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This weekend's tweet that launched a thousand other increasingly exhausting tweets was an invitation to a food fight. Jon Becker posted the tweet below, harmless enough at the outset:

Because Twitter is a wholesome website where everyone can freely share their opinions without fear of repercussions or personal attack, users went ahead and chimed in:

Some Twitter users contributed uncontroversial, factually correct takes (don't @ us):

And there was some good cross-pollination with other, ahem, memes.

As the joke wore thin, people came up with their own iterations:

But then, utterly unsurprisingly, because this is, after all, the internet in 2019, things took a turn for the worse.

And then the brands jumped in, which always signals that a good joke has been driven fully into the ground.

No more quote-tweeting for the rest of 2019, OK? We don't make the rules.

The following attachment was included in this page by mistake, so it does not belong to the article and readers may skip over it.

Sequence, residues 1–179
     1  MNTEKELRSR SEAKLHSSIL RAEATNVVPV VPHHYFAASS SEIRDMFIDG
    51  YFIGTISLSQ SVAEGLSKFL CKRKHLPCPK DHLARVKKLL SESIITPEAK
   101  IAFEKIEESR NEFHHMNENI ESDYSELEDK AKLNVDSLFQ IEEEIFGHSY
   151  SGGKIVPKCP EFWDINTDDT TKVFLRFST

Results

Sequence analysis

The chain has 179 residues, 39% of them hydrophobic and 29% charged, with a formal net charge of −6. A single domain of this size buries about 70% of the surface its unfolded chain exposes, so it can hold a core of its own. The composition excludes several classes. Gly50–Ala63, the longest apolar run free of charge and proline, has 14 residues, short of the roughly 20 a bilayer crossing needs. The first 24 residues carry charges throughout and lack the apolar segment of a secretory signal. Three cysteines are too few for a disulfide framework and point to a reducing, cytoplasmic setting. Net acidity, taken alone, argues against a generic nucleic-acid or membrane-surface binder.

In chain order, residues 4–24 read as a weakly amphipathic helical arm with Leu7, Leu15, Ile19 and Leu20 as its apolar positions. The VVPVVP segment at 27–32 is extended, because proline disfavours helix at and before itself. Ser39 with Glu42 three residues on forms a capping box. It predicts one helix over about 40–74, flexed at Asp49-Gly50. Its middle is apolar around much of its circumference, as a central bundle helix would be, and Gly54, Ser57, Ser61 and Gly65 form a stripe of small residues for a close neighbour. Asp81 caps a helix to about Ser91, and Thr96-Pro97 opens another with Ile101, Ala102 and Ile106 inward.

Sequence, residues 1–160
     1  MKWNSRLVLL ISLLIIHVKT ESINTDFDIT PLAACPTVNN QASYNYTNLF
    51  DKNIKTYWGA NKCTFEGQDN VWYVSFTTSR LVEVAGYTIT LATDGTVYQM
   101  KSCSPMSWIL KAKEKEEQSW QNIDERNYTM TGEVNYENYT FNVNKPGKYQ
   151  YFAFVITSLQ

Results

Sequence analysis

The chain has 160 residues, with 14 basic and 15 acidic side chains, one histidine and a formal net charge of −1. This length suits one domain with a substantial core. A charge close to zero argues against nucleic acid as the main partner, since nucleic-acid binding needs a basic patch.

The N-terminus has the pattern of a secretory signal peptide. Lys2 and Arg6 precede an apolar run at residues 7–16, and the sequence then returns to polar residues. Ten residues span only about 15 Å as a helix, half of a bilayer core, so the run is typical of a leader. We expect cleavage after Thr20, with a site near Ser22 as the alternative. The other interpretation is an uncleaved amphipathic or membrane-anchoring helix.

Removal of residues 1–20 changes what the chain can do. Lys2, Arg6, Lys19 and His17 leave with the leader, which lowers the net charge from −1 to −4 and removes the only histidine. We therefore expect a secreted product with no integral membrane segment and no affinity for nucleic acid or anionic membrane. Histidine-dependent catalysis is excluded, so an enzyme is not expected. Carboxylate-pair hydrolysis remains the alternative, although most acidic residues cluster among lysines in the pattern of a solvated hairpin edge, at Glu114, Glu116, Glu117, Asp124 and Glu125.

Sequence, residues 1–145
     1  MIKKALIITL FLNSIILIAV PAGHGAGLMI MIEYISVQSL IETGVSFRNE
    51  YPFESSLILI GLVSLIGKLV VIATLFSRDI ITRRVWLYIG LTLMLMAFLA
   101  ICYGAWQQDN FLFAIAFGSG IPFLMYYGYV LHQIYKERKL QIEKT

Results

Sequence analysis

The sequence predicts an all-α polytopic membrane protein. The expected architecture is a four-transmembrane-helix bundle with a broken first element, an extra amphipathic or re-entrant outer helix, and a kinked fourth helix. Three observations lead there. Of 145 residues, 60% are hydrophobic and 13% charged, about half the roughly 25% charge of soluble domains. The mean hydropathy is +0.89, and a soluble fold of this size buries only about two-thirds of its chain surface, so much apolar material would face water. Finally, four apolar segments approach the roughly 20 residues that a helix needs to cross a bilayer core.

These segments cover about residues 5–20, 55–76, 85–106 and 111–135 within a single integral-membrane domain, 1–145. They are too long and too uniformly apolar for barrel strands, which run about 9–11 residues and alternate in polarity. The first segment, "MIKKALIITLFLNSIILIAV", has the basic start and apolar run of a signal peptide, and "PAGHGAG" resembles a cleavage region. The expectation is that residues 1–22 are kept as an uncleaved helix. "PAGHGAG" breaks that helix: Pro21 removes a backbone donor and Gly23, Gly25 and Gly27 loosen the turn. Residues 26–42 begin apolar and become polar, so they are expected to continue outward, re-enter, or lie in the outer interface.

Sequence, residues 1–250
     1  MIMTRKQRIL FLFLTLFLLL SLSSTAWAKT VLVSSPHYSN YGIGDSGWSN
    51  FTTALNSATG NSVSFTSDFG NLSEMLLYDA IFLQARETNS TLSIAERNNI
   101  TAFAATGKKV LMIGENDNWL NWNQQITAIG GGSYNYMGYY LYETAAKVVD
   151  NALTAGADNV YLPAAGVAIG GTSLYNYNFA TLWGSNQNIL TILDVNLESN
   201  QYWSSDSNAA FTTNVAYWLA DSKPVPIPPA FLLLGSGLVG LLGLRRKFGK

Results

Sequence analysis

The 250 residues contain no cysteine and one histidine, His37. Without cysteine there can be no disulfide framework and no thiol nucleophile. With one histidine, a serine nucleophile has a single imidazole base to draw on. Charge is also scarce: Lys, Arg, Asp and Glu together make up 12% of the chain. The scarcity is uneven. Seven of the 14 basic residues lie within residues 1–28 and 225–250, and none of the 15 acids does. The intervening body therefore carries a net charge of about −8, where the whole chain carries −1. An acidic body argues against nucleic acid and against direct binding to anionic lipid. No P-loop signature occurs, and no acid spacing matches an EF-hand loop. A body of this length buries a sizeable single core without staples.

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Most people think of tides as regular and predictable. But oceanographers have recently started to realise that tides in many places around the world are undergoing notable changes, in ways that can't be explained by interactions among celestial bodies.


John Hersey's article titled simply "Hiroshima," which comprised the entire feature space in the August 31, 1946, issue of The New Yorker, has been called by many the greatest, or at least the most important, journalistic achievement of the past century.

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